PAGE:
dinner rolls, and butter. The heavy aroma of cooked chicken quickly filled the little elevator. It
mingled with the smell of rain. Water droplets dotted the floor of the elevator, suggesting that
someone with a wet umbrella had recently been
aboard.

She pushed the cart down the corridor, bringing it to a stop in front of the door marked 604.
She double-checked her memory: 604. That was it. She cleared her throat and pressed the
button by the door. There was no answer. She stood in place for a good twenty seconds. Just
as she was thinking of pressing the bell again, the door opened inward and a skinny old man
appeared. He was shorter than she was, by some four or five inches. He had on a dark suit and
a necktie. Against his white shirt, the tie stood out distinctly with its brownish-yellow coloring
like withered leaves. He made a very clean impression, his clothes perfectly pressed, his white
hair smoothed down: he looked as though he were about to go out for the night to some sort of
gathering. The deep wrinkles that creased his brow made her think of deep ravines in an aerial
photograph.

Your dinner, sir, she said in a husky voice, then quietly cleared her throat again. Her voice
grew husky whenever she was tense.

Dinner?

Yes, sir. The manager suddenly took sick. I had to take his place today. Your meal, sir.

Oh, I see, the old man said, almost as if talking to himself, his hand still perched on the
doorknob.

Took sick, eh? You dont say.

His stomach started to hurt him all of a sudden. He went to the hospital. He thinks he might
have appendicitis.

Oh, thats not good, the old man said, running his fingers along the wrinkles of his forehead.
Not good at all.

She cleared her throat again. Shall I bring your meal in, sir? she asked.

Ah yes, of course, the old man said. Yes, of course, if you wish. Thats fine with me.

If I wish? she thought. What a strange way to put it. What am I supposed to wish?

The old man opened the door the rest of the way, and she wheeled the cart inside. The floor
was covered in short gray carpeting with no area for removing shoes. The first room was a
large study, as though the apartment were more a workplace than a residence. The window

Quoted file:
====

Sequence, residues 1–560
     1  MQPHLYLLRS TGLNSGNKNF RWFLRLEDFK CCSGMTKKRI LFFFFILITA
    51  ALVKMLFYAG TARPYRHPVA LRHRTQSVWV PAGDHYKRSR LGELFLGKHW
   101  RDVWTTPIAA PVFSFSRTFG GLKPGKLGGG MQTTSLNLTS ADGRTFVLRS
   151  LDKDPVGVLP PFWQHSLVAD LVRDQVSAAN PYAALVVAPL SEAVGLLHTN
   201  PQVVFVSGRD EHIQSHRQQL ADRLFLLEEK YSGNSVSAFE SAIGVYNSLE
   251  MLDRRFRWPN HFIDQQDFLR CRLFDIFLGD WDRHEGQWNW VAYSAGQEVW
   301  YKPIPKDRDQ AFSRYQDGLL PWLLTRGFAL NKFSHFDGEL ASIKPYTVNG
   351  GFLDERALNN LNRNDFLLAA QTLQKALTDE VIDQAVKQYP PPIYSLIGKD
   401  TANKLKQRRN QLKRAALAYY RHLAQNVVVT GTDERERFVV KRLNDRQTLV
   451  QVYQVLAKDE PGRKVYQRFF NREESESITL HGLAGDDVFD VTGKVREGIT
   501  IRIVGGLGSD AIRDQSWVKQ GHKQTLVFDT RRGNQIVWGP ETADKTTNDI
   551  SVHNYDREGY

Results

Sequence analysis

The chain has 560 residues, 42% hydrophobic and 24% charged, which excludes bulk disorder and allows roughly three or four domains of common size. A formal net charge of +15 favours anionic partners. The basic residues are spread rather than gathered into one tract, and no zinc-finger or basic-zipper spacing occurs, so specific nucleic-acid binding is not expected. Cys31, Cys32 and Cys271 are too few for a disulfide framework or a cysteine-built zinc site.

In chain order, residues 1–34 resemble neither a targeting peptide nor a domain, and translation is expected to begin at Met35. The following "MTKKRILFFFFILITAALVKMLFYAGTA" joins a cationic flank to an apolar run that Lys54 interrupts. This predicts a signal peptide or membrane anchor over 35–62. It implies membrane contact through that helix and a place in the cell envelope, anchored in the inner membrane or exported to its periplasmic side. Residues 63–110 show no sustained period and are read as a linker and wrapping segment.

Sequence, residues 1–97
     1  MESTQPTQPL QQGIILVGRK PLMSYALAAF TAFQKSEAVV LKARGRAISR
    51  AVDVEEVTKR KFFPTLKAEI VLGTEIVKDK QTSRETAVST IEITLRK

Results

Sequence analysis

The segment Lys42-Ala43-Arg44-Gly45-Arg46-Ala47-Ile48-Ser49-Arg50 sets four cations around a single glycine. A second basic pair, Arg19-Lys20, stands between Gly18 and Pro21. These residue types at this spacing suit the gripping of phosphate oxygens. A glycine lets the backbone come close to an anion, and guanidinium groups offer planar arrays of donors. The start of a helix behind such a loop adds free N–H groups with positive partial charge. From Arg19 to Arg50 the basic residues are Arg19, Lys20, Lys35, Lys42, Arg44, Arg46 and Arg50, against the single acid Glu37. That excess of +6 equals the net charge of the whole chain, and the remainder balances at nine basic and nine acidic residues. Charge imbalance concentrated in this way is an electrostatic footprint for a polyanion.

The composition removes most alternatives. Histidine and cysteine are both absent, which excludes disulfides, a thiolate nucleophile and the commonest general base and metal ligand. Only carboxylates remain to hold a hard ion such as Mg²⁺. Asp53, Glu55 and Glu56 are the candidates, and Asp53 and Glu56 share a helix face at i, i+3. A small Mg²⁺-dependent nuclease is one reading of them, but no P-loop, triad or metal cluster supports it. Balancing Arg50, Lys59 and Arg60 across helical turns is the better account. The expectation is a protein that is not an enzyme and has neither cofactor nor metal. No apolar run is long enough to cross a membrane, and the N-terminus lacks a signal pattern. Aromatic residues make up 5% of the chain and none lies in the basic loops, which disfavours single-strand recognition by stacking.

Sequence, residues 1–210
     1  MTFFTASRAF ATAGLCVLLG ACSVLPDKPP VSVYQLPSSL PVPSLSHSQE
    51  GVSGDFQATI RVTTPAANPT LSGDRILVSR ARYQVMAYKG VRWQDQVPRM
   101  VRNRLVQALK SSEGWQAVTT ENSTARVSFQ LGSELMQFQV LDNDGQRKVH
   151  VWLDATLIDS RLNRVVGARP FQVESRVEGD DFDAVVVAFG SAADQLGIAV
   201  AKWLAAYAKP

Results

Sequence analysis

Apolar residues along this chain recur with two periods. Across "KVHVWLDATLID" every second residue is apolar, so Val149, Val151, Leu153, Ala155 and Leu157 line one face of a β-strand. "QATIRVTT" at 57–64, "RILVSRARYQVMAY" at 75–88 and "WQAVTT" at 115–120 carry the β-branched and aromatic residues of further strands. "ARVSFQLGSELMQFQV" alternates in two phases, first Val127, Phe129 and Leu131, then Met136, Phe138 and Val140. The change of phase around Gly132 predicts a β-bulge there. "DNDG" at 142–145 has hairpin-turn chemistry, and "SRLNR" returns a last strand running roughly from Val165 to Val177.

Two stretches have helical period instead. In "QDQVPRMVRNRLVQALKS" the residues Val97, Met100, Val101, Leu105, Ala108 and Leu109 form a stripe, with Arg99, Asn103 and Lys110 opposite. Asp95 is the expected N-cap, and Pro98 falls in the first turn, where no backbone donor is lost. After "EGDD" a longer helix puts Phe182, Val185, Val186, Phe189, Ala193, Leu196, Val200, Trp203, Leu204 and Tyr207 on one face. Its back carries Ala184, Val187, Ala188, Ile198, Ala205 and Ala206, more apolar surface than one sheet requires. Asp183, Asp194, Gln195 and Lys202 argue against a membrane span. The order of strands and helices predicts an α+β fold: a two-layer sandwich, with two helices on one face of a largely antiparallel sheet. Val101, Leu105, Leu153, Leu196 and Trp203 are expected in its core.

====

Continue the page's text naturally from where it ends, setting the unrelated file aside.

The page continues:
looked out on Tokyo Tower nearby, its steel skeleton outlined in lights. A large desk stood by
the window, and beside the desk was a compact sofa and love seat. The old man pointed to the
plastic laminate coffee table in front of the sofa. She arranged his meal on the table: white
napkin and silverware, coffeepot and cup, wine and wineglass, bread and butter, and the plate
of chicken and vegetables.

If you would be kind enough to set the dishes in the hall as usual, sir, Ill come to get them in
an hour. Her words seemed to snap him out of an appreciative contemplation of his dinner.
Oh, yes, of course. Ill put them in the hall. On the cart. In an hour. If you wish.
Yes, she replied inwardly, for the moment that is exactly what I wish. Is there anything else I
can do for you, sir?

No, I dont think so, he said after a moments consideration. He was wearing black shoes
that had been polished to a high sheen. They were small and chic. Hes a stylish dresser, she
thought. And he stands very straight for his age.

Well, then, sir, Ill be getting back to work.

No, wait just a moment, he said.

Sir?

Do you think it might be possible for you to give me five minutes of your time, miss? I have
something Id like to say to you.

He was so polite in his request that it made her blush. I think it should be all right, she
said. I mean, if its really just five minutes. He was her employer, after all. He was paying
her by the hour. It was not a question of her giving or his taking her time. And this old man did
not look like a person who would do anything bad to her.

By the way, how old are you? the old man asked, standing by the table with arms folded and
looking directly into her eyes.

Im twenty now, she said.

Twenty now, he repeated, narrowing his eyes as if peering through some kind of crack.
Twenty now.

As of when?

Well, I just turned twenty, she said. After a moments hesitation, she added, Today is my
birthday, sir.

I see, he said, rubbing his chin as if this explained a great deal. Today, is it? Today is your
twentieth birthday?

She nodded silently.

Your life in this world began exactly twenty years ago today.

Yes, sir, she said, that is true.

I see, I see, he said. Thats wonderful. Well, then, happy birthday.

Thank you very much, she said, and then it dawned on her that this was the very first time
all day that anyone had wished her a happy birthday. Of course, if her parents had called from
Oita, she might find a message from them on her answering machine when she got home after
work.
Well, well, this is certainly a cause for celebration, he said. How about a little toast? We
can drink this red wine.

Thank you, sir, but I couldnt. Im working now.

Oh, whats the harm in a little sip? No ones going to blame you if I say its all right. Just a
token drink for celebration.

The old man slipped the cork from the bottle and dribbled a little wine into his glass for her.
Then he took an ordinary drinking glass from a glass-doored cabinet and poured some wine for
himself.

Happy birthday, he said. May you live a rich and fruitful life, and may there be nothing to
cast dark shadows on it.

They clinked glasses.

May there be nothing to cast dark shadows on it: she silently repeated his remark to herself.
Why had he chosen such unusual words for her birthday wish?